We have a pandemic of loneliness brought on by the imposed isolation to mediate the spread of COVID. I listen to the stories of others who are separated from loved ones, not because of physical distance, but because their loved one is unable to connect, even by a phone call.
Bev has been a good friend since college days. After college, she moved to New York to care for her aging mom, now 92. When Bev contracted COVID, she was hospitalized and almost immediately placed in a medically induced coma. One day in March, I received a call from Bev’s daughter, Niki. Weeping almost unable to breathe, she said that her grandmother was insisting on going to visit Bev over everyone’s objections. “What are they going to do to me? I’m 92 years old. Are they going to arrest me?” Niki reported her grandmother saying. “Maybe,” I replied, but silently I hoped that scenario unlikely.
“Niki,” I continued. “I think I understand why your grandmother feels so strongly.” Bev once told me that her mother sat by her bedside for more than a year when Bev, as a young girl, was being treated for third-degree burns over most of her body. Bev believed that her mom willed Bev to endure the physical pain, the long recovery. Bev believed she would not be alive today except for the sound her mother’s voice, coming through her dreams, offering encouragement, hope, and love. “Perhaps, in order to fight this virus, Bev needs to hear her mother’s voice again.”
I explained to Niki that I work with families of people diagnosed with Alzheimer’s. Even when it seems the patient is no longer to engage in our world, we can still reach into their world to provide connection and comfort. Research on comatose patients also suggest that connection is still possible. These patients may even recall words that were spoken in their presence while in a coma. With many such families, I encourage them to create a project that can gently hold their suffering in a sacred space of love and compassion. I refer these families to a program that has been around for about 15 years, called StoryCorps. StoryCorps creates a space for people to connect with one another around a central, shared story. I follow and support the program for the inspiration and encouragement it provides me as a therapist who witnesses the suffering of others. I often recommend it to clients who have a loved one isolated because of the pandemic, but don’t have the disease. Nursing home residents with dementia cannot fully understand why love ones seem to have ‘disappeared’ from their lives. Recorded stories still enable them to connect.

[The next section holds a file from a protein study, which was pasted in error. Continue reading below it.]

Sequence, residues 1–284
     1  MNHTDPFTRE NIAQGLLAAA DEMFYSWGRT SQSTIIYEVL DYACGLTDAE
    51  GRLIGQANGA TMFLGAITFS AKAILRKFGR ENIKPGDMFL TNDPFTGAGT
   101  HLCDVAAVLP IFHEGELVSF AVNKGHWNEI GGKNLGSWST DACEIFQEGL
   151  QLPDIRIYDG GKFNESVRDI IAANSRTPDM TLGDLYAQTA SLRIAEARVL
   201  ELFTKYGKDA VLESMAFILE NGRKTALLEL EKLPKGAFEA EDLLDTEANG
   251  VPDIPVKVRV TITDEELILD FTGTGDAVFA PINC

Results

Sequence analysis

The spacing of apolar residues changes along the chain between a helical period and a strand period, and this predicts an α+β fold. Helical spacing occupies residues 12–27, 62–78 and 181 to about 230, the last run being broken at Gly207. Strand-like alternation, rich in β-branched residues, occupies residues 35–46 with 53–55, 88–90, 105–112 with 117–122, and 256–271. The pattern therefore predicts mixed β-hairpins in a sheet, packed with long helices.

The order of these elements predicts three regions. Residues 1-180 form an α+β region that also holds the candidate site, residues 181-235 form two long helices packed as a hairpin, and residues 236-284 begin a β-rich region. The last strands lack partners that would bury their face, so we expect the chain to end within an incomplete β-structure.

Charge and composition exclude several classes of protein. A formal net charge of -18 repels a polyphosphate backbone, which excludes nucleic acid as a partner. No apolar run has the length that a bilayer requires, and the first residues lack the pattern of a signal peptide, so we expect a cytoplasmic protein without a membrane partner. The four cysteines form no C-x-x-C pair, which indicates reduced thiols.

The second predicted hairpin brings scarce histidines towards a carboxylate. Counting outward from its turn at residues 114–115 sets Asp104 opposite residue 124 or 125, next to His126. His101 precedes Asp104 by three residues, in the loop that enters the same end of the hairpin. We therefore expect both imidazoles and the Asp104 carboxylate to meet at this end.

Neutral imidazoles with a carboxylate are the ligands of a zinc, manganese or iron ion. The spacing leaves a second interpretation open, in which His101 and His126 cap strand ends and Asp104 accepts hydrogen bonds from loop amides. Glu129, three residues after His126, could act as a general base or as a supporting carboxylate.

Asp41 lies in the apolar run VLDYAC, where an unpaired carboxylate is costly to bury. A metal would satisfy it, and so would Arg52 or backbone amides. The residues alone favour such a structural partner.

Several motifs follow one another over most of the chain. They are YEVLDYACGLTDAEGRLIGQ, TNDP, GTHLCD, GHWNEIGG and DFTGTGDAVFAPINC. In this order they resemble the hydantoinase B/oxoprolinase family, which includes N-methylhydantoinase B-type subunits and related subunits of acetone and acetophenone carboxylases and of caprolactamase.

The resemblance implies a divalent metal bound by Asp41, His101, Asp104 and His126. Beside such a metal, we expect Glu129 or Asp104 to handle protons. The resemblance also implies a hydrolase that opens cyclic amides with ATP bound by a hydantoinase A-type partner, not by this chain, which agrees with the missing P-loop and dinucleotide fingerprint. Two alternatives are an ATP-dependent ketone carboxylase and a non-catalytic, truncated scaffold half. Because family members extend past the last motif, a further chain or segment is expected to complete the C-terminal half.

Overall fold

I asked Niki to go to the StoryCorps website to learn about a new project that they are sponsoring. The project helps capture stories of people impacted by COVID. “Have a conversation with your grandmother. Get her to tell the stories around Bev, of her earlier strength with crisis, their life before and since. StoryCorps will record the conversation and you and Grammy can have the hospital staff play it for Bev. Let Bev hear her mother’s voice.”
When you cannot do all that you wish to do, then do whatever you can.
If you would like to learn more about this project, go to https://storycorps.org/participate/storycorps-connect/. StoryCorps is a non-profit, donation funded organization. They would appreciate your support.